At that point we would discover that the users of our new module will have access to all our public types declarations, but won’t have access to anything from the original package, not even the public extensions that we’ve made to elements of the original package.

To fix this we have two solutions:

  • Ask our users to also import the original package, this way everything public, both from the original package and ours, is available to the users.

  • Use @_exported in our package: this way our users can import just our module, and they will automatically have access to both our public declarations and also to the ones from the original package. No further import necessary.

Pretty powerful and elegant, don’t you think?

Overlay Libraries

If we create a package that extends another as described above, we’ve created what is know as an Overlay Package (or library, module, etc).

Apple uses such libraries within its SDKs for example to bring Swift-specific functionality to C-family libraries or frameworks.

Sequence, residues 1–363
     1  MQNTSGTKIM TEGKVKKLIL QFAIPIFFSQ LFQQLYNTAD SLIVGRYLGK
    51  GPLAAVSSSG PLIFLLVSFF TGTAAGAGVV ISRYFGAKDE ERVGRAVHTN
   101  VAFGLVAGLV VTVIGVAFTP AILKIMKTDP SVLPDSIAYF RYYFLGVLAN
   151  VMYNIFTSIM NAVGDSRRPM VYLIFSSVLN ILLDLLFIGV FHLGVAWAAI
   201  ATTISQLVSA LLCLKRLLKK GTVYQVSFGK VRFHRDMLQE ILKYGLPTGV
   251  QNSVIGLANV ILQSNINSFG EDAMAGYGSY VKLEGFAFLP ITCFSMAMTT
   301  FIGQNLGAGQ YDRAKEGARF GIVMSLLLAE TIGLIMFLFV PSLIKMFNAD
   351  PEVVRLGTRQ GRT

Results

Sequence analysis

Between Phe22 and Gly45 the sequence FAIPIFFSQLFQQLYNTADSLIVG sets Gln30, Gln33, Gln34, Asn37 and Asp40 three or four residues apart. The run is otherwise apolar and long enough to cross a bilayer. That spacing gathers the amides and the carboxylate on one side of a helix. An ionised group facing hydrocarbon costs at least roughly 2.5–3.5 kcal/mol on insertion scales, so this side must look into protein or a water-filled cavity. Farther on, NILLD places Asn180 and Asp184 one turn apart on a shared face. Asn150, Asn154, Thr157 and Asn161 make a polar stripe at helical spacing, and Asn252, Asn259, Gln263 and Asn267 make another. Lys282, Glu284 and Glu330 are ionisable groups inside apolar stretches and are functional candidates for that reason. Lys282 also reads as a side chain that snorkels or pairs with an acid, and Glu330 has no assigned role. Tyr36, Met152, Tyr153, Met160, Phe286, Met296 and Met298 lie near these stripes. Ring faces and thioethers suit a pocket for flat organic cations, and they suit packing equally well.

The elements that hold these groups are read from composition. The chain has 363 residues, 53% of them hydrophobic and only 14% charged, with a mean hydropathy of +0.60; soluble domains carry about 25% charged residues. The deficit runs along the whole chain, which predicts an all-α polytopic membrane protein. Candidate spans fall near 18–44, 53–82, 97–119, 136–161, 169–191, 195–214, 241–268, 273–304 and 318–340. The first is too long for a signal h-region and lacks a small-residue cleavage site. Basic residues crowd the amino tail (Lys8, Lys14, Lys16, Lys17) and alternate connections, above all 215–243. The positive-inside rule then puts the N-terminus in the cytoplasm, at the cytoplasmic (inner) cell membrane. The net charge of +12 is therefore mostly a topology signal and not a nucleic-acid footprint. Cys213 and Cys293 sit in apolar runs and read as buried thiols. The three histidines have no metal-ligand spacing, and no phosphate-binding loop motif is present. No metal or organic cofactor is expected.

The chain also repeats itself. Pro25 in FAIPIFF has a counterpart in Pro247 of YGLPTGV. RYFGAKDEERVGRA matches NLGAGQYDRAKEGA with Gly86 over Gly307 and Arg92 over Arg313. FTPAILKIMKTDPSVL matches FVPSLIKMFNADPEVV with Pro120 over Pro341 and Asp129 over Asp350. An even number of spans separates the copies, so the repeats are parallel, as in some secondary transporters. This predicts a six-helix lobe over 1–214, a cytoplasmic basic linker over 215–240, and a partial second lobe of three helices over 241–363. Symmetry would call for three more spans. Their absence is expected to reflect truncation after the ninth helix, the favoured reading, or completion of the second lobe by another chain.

Umbrella Libraries

The Standard Library Preview Package is not an overlay package, instead, it is what is know as an umbrella library, which only exports a subset of packages, without adding any other functionality.

MacOS’s Cocoa framework is another example of umbrella framework, which is an umbrella of three other frameworks: AppKit, Foundation, and CoreData.

Conclusions

That’s it! The whole Standard Library Preview Package contains only two swift files (excluding tests):

  • the Package.swift manifest
  • the StandardLibraryPreview.swift export file

I always appreciate when something complicated can be solved in such a simple way:

  • from the Preview Package user point of view (us!), we need to import StandardLibraryPreview, and we automatically get all the new Swift features
  • from the Preview Package maintainer point of view, adding/removing new Swift implementations is a matter of removing an entry from the Package.swift exports array, and then remove the associated @_exported import in the StandardLibraryPreview.swift (excluding tests)

Lastly, we’ve seen how the Preview Package uses @_exported, a powerful implementation detail that has not yet gone through Swift Evolution, but that plays a very important role in this package.

If you’d like to know more about @_exported and its possible future evolution, please see this discussion from the Swift Forums.

Have you ever seen @_export (or @_implementationOnly or …) out in the wild? Do you or are you going to use them yourself? If so please let me know on Twitter! I’d love to see more of them 😃

Thank you for reading and stay tuned for more articles!